1 The Russian economy. Putin and his entourage “are beginning to understand that the economic problems” Russia faces now are fundamentally different and much worse than those of 2008. They are “serious and long-term,” and consequently, the Kremlin wants to divert Russian attention from those to a foreign enemy lest protests against itself start up.
2 The European Union. It is now clear that “no one intends to lift the sanctions against the Russian Federation” anytime soon. As a result, Vorobyev says, “Putin decided to launch an asymmetrical military strike not only against Ukraine but also to ‘show his teeth’ to the entire West,” lest the West disconnect Russia from the SWIFT banking system or do something else.
3 The Minsk Agreements. Neither Moscow nor its clients in the Donetsk or Luhansk is going to observe the September 5 accords. “Putin needs a new Minsk and new accords that will be even more unfavorable for Ukraine. Therefore, his ‘force them to peace’ effort began earlier than planned.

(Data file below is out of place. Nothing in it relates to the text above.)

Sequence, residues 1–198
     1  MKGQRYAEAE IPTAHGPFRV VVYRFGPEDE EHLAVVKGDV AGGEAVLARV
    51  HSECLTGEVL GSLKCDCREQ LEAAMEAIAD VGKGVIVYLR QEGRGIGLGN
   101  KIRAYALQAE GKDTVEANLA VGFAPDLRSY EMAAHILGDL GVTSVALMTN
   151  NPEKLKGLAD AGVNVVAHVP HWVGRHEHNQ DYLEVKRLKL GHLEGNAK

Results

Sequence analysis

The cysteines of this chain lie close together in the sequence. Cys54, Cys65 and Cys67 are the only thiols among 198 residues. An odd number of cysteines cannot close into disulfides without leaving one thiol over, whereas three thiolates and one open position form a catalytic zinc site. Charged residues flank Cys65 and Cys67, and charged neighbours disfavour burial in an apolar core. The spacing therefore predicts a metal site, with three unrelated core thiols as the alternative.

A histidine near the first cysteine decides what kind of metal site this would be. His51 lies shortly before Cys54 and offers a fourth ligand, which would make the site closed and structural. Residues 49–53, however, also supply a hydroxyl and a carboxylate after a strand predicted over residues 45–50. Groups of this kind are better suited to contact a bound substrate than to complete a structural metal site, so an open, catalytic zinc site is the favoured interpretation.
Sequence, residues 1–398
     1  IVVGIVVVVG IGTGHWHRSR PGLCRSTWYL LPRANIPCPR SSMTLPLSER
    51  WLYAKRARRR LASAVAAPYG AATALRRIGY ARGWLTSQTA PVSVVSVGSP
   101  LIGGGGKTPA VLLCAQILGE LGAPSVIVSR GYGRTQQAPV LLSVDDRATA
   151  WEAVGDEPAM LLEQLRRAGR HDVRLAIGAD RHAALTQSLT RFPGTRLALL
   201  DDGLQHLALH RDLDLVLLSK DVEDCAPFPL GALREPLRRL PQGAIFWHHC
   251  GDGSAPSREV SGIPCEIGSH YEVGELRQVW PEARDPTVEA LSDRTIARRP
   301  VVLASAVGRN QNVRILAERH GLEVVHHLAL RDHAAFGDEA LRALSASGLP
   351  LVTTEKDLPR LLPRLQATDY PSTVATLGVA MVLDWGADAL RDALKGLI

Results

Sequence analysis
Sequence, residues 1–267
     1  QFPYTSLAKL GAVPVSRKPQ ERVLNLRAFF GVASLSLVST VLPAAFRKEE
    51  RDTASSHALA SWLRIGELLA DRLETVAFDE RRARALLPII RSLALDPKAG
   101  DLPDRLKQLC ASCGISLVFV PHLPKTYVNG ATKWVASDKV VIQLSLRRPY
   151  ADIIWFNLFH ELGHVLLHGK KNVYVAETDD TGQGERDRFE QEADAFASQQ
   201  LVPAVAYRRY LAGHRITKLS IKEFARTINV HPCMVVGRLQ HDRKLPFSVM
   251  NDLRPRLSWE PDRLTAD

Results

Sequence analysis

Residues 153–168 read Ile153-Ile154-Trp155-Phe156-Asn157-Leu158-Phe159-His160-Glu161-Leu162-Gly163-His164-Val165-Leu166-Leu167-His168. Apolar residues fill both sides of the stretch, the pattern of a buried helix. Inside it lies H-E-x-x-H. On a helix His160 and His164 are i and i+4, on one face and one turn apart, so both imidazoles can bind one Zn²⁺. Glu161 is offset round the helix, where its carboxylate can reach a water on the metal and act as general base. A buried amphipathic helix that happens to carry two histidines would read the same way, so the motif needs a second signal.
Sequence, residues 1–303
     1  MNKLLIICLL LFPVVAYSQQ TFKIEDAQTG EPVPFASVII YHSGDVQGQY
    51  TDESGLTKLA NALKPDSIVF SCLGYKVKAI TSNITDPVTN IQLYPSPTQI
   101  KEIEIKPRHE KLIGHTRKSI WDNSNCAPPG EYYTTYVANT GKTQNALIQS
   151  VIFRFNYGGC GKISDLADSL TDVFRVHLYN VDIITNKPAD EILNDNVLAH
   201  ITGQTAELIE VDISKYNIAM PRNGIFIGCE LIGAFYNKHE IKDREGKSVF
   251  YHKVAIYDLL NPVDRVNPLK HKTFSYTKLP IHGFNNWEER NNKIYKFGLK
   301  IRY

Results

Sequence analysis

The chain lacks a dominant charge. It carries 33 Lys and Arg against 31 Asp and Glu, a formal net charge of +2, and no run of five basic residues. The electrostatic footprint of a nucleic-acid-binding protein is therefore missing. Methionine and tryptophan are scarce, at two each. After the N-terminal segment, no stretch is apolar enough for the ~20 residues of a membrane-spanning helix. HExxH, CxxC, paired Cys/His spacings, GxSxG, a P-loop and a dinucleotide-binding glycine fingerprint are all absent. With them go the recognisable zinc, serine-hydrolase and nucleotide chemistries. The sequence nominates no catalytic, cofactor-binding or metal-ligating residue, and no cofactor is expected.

4 The Donetsk airport. The airport had become “a symbol of the steadfast nature of Ukrainian forces” and at the same time a very public indication of the weakness of the Russian side. That was too much for Putin and those around him and consequently, Vorobyev says, Moscow decided to intervene more massively and publicly than before.
5 The United States. Not only is military assistance beginning to reach Ukraine, but the prospects are that there will be more of it now that the Republicans control Congress and Senator John McCain heads the defense committee. As a result, the situation for Russia in Ukraine is likely to worsen, and “the Kremlin decided to attack now.”
6 Financial Assistance to Ukraine. The IMF, the World Bank and the US are beginning to provide the level of assistance to Kyiv that may allow Ukraine to avoid a default. Given that “the main goal of the Kremlin today is to weaken the economy as much as possible” before that aid arrives, Putin decided to move.